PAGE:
An early horse-drawn huckster wagon.
The web is rapidly changing how consumers get their weekly groceries. Online and app grocery delivery services are taking share away from traditional brick and mortar grocery stores. This, at a time, when the largest Kroger retail store – larger than most Walmarts – opened less than a year ago in Oakley, on the site of a former machine tool factory. Traditional supermarkets are biting back, offering store-supported delivery services. Kroger has an app called Clicklist.
Actually, home delivery is nothing new. In fact, it’s where it all started, and like a big wagon wheel, we’re reverting back to our earlier days. Only, today it’s with the help of technology.
Long before supermarkets and Walmarts there were hucksters. These were men who peddled groceries door to door on a daily basis, fresh from the farm. They were the mediator between the customer and the farmer. They knew the customer’s needs, had a regular route, and offered value to the farmer who didn’t have to peddle.
Unlike the pushcart vendors in large cities – like the bagel peddler or the saurkraut peddler of New York city – hucksters carred a large variety of items.
There are still huckster ‘chuck wagons’ as we used to call them, when I worked at a chemical plant near Ivorydale. That was because the plant didn’t have its own cafeteria. So, the huckster would pull up with his heated and refrigerated truck to all the plants along Mitchell Avenue near Ivorydale, and sell egg burritos and the like for breakfast and come back with burgers and sandwiches for lunch. It’s along the lines of the modern food truck concept, only there’s more variety, and they’re prepared, rather than cooked on site or to order. They’re also mobile and service a route, like the old grocery hucksters.
Some hucksters were based out of stores in town. Customers paid cash, bought on credit, or traded butter, eggs, or chickens for goods.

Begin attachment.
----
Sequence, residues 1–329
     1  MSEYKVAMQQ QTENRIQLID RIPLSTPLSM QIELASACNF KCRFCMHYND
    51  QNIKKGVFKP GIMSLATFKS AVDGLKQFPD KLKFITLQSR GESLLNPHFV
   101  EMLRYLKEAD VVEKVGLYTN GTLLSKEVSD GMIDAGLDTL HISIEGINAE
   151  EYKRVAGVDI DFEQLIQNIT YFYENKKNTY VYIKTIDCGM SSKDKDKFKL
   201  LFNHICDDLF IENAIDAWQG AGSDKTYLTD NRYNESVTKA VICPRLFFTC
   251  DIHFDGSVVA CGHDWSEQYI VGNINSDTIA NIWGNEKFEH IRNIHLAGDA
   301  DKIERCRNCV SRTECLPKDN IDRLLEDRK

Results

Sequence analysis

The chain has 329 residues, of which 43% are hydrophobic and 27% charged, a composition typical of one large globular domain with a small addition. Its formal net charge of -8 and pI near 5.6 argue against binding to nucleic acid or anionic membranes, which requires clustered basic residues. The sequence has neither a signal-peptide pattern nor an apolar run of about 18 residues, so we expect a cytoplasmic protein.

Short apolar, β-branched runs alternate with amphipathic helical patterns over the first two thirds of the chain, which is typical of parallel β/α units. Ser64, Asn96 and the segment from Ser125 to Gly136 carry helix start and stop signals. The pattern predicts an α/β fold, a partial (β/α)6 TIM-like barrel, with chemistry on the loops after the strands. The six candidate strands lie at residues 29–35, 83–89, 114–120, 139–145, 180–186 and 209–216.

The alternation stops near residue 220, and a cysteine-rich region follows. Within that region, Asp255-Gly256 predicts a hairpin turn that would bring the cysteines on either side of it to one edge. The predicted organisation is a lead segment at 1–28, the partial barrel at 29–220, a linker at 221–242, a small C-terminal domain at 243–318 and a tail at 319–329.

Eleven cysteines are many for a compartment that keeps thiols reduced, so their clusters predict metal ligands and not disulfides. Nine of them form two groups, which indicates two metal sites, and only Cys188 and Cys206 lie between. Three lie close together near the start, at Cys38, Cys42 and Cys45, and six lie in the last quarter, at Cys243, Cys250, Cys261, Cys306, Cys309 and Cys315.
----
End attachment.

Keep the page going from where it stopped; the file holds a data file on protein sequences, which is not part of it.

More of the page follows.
The huckster was a kind of consolidator of produce and poultry. He collected in bulk from a number of small suppliers. He even consolidated items country children foraged from the forest like mushrooms and ginseng or even rabbits. Good hucksters carried anything that might be found in a country grocery store. And, they carried wishlists from their customers so that whenever they came in contact, they could buy or trade for that item. Some hucksters stopped by country schoolhouses on their routes to sell snacks to the kids, who pooled their money to buy cookies.
Huckster routes existed locally as far back as the time of the Civil War. An ancestor of mine, John Flora, was a huckster during that time. He had his own horse-driven truck and would collect chickens from his Campbell County, Kentucky, farm neighbors, dress them, and transport them to the Cincinnati markets downtown. Sometimes a huckster would also pick up other dry goods from the city for his farm neighbors, like a modern day Amazon. My guy, Mr. Flora, would transport church books for his local Carthage Methodist Church from the Methodist Book warehouse on Pike Street in Cincinnati, during his normal huckster route.
As motorized transportation became common, hucksters travelled even deeper into rural areas of Kentucky, often using Cincinnati-made Armleder and Schacht trucks with chain drives. Huckstering was especially important during the rationing of gasoline during World War II, which made rural people less mobile. The practice of huckstering basically continued locally up into the 1950s, right about the time when supermarkets took off, and that became the preferred mode of shopping. Those small farmers who were formerly dependent upon the huckster used farmers markets to make up for the loss of the huckster convenience to them.
A 1930s era huckster.
We still have huckster-like home delivery and farmers markets, but now you can follow your vendors on Facebook and Twitter to know where and when they’ll be and what they’re carrying!